You carry the bulk of your gear on your back, that goes without saying but as in Levi’s scenario, what does he have left after his pack is gone and irretrievable? The other two layers. He has a military waist pack system with shoulder harness that is capable of carrying more than enough survival items to make it through a night or two if the situation calls for it. We all almost always wear cargo style pants with extra pockets on the legs where we keep another supply of essential items, just in case. You may have to lose your pack, you may have lose your belt, you rarely have to lose your pants… Willingly.

I prefer to reuse one of the cheapest and greatest inventions of portable carrying devices – the fanny pack! Of course, we tenderly renamed it a Tactical Waist Attachment cause it sounds cooler. TWA all the way!

What should you put in have in the additional two layers? Anything falling under the 5 C’s – combustion, cutting tool, cordage, cover, container. An extra lighter, pack of matches, or ferro rod; a swiss army knife or Mora Eldris or anything in the Classic series; a hank of paracord or bailer twine; a poncho or emergency blanket; condoms for carrying water. Larger containers to cook with may be more difficult to carry but then a bowl can be carved or coal burnt from wood.

The 5 C’s are the essential tools necessary to maintain a comfortable existence in the wilderness, though nearly all of them can be produced from natural materials if you have the knowledge. We have a field guide on the 5 C’s of Survival available on our store that fits just about anywhere.

Your pockets will have considerable less than what you can keep on your belt using a waist attachment system but if anything, always carry a spare knife because that is the one item more difficult to make. Anything else in the 5 C toolset can be made with a knife.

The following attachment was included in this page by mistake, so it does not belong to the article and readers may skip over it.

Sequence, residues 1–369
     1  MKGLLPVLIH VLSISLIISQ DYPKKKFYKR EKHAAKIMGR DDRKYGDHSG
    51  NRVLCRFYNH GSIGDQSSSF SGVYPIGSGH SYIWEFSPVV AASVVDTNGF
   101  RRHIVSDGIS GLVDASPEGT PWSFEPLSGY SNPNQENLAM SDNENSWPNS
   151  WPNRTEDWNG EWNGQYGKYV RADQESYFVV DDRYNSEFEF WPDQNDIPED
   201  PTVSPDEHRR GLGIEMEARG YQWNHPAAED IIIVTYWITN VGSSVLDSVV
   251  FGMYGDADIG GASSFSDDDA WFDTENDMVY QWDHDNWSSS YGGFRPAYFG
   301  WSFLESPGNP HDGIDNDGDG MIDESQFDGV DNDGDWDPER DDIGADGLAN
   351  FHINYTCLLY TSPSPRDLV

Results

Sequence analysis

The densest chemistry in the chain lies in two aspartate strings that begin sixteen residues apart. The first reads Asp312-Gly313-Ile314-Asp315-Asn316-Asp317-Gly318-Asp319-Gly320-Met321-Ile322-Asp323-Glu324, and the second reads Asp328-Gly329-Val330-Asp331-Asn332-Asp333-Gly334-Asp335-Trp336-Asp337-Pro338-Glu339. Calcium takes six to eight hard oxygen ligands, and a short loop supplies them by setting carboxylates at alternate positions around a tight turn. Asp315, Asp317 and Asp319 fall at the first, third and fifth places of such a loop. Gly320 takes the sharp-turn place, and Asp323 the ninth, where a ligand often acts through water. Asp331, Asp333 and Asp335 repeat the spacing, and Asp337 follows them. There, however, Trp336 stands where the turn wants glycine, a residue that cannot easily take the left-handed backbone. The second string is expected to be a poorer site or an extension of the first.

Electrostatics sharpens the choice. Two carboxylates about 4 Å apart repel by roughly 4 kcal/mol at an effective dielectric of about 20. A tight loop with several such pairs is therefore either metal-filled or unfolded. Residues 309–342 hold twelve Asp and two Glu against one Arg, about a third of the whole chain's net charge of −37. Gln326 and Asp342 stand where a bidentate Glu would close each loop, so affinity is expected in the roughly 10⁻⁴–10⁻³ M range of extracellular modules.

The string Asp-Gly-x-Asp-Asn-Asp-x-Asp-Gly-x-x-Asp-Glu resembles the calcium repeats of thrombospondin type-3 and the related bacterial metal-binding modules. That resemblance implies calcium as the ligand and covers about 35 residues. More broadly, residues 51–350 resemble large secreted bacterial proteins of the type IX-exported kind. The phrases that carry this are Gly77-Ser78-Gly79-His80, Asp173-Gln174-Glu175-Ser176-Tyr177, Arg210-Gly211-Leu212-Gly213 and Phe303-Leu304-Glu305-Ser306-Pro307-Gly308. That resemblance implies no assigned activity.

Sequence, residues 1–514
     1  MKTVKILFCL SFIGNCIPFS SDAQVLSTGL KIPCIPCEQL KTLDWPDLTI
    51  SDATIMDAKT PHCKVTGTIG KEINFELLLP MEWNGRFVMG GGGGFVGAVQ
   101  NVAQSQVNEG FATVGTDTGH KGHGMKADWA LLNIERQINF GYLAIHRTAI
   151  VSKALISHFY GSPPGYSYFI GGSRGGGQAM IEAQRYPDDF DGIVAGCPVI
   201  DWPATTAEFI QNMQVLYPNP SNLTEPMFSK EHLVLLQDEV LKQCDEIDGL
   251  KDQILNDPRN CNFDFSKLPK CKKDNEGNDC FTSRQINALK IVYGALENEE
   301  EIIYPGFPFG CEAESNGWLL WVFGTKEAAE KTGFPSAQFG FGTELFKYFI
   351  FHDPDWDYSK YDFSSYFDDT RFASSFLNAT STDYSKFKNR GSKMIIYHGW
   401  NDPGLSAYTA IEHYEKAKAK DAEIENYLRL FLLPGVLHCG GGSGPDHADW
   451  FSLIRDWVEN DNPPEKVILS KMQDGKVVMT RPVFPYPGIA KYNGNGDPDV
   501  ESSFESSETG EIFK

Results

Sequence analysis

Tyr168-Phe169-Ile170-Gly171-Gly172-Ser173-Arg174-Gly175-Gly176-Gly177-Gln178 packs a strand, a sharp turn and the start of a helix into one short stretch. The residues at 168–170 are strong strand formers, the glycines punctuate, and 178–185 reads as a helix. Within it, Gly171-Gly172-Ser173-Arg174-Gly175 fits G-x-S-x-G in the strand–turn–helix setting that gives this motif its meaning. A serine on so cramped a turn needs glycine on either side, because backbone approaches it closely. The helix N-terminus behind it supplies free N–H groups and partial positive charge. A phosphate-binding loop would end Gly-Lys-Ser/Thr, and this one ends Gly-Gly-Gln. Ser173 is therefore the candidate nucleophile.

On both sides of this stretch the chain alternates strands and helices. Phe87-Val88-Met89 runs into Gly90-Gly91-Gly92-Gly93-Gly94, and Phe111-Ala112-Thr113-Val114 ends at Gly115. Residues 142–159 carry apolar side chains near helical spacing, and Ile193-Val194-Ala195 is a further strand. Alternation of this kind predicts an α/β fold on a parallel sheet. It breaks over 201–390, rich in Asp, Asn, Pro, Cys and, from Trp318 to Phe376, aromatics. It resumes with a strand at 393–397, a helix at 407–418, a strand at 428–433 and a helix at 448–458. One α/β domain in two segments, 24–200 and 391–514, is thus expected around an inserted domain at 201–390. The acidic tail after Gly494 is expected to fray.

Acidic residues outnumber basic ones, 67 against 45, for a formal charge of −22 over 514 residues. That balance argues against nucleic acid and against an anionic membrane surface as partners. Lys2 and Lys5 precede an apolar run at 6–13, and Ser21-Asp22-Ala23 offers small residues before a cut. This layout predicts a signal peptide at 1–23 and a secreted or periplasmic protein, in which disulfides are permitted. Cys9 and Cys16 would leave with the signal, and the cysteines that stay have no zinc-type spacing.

Having a great time in the wilderness is the key. Proper planning before you make any trek is essential and that includes common sense. Think about your situation, environment, weather and think about any precautionary measures in case something goes wrong. Things don’t always go wrong, but it still happens. It’s far better to have some back up system and be prepared than being stuck wishing you had thought of some sort of back up system. You know everything in your backpack will make for a more comfortable experience but in a situation where you are forced to leave your pack behind, the stuff you don’t have in there because you have two extra layers of survival, can really save your life.


Play safe out there from OG and the guys!

Clothes, The First Shelter

There is an old saying, “There is no such thing as bad weather, only bad clothing.”

Since the early days of humankind’s existence when we began to shed the thick, insulating fur covering from our bodies, we very quickly adopted another means of staying warm and somewhat protected in the outdoor environments – clothing.

Imagine those first moments of the hunter’s thoughts when he was shivering in the cold with a spear in hand waiting for game to throw it at. He was cold as he walked around yet here were all these animals around him that seemed barely affected by the temperature at all. ‘Must be its fur!’ The hunter must have thought. ‘I’m going to take it and wear it and I will stay warm!’ And there sprouted the beginnings of our first mobile shelter system.